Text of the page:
[I]f the merger is allowed to proceed before the full-scale administrative proceedings contemplated by the Federal Trade Commission Act can be had, the outcome of such proceeding will not matter, because the Canajoharie plant will be closed, the Beech-Nut distribution channels will be closed, the new label and recipes will be in place, and it will be impossible as a practical matter to undo the transaction.

Op. at 23-24.

3. As this Court acknowledged in the closing argument (Tr. 5:5-6, 23-25; 6:1-6; (Sept. 21, 2000)) and expressly found in its opinion (pages 10, 11, 24), the Commission has presented a substantial prima facie case. Therefore, defendants had the burden of showing that the undisputed concentration levels "give an inaccurate prediction of the proposed acquisition's probable effect on competition." FTC v. Cardinal Health, 12 F. Supp. 2d 34, 54 (D.D.C. 1998). This Court's finding that defendants have rebutted the Commission's prima facie case raises very substantial issues for the Court of Appeals to resolve. As we demonstrated in our proposed findings and in our memoranda, defendants' arguments and evidence relating to efficiencies and supposed benefits of the merger do not meet the standards set by the Supreme Court in United States v. Philadelphia Nat'l Bank, 374 U.S. 321, 370 (1963); by this Court in Cardinal Health and in FTC v. PPG Indus., Inc., 628 F. Supp. 881 (D.D.C.), aff'd in part, 798 F.2d 1500 (D.C. Cir. 1986); or by the Eleventh Circuit in FTC v. University Health, 938 F.2d 1206 (11th Cir. 1991). Indeed, as this Court found: "Whether Heinz will use the considerable cost savings from the merger to mount a vigorous campaign against Gerber for shelf space and market share remains to be seen" (Op. at 20). An otherwise anticompetitive merger cannot be saved, based on conjecture about the future conduct of the merged entity. E.g., University Health.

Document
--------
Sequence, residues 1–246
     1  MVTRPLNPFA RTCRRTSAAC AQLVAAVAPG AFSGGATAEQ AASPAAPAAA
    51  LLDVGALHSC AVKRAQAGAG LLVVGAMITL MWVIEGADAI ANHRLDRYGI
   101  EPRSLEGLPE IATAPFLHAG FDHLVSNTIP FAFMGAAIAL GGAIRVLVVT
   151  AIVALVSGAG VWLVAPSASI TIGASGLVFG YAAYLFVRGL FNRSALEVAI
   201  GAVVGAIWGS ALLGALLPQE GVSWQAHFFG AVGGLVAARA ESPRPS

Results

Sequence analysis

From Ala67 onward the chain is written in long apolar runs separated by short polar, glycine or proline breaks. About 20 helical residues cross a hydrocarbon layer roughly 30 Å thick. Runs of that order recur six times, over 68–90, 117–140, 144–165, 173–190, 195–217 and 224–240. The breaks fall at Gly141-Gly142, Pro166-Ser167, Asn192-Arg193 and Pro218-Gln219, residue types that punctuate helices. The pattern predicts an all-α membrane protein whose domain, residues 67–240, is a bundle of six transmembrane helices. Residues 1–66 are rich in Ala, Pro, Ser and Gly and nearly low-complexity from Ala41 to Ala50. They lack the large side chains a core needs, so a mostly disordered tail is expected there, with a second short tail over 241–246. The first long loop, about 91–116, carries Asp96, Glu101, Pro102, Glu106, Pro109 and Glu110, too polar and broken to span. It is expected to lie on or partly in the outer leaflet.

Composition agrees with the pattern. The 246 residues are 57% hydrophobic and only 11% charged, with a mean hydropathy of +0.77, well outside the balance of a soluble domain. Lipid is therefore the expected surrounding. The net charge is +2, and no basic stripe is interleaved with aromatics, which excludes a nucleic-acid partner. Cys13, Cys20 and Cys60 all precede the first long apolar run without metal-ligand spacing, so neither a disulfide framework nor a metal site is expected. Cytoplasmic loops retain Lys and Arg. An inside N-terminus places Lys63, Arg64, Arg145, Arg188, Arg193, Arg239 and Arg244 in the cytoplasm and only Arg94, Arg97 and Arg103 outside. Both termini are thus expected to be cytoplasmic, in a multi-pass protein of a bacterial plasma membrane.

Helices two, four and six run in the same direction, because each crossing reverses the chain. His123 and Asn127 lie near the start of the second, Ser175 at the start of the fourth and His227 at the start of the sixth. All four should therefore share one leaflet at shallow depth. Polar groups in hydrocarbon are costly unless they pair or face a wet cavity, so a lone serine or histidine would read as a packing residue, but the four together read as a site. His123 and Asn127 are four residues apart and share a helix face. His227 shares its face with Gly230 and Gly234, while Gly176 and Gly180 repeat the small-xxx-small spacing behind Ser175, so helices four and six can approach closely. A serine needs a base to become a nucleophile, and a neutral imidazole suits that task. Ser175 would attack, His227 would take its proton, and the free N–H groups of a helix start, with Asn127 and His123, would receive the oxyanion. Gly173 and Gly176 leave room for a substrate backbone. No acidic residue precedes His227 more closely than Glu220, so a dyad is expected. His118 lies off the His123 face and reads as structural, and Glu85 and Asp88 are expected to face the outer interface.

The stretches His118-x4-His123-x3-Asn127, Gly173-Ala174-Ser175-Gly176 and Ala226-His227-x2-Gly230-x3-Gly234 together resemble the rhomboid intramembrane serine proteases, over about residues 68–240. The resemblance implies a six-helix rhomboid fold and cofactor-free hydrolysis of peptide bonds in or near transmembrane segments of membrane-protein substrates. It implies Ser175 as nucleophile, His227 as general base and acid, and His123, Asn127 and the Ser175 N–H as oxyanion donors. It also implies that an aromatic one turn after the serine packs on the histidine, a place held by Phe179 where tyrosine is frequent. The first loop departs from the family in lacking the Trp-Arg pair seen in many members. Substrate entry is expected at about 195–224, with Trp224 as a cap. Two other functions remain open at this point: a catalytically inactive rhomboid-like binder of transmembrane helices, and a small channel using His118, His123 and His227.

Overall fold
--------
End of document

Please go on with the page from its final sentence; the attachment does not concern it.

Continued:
Like this case, PPG involved an attempted merger in a highly concentrated market. There, this Court (per Judge Jackson) observed: "Experience teaches that without worthy rivals ready to exploit lapses in competitive intensity, incentives to develop better products, to keep prices at a minimum, and to provide efficient service over the long term are all diminished to the detriment of consumers." 628 F.2d at 885. Here, no worthy rivals will remain on the battlefield, once this transaction is consummated. We respectfully submit that this Court has misapplied the legal standards for granting, or denying, a preliminary injunction under Section 13(b) of the FTC Act, 15 U.S.C.  53(b). In view of the serious legal questions raised by the Court's decision to allow defendants' merger, and in view of the grave potential for irreparable harm to the public if the transaction is consummated before there can be a full appellate consideration of the preliminary injunction, the Court should maintain the status quo until these important questions are resolved.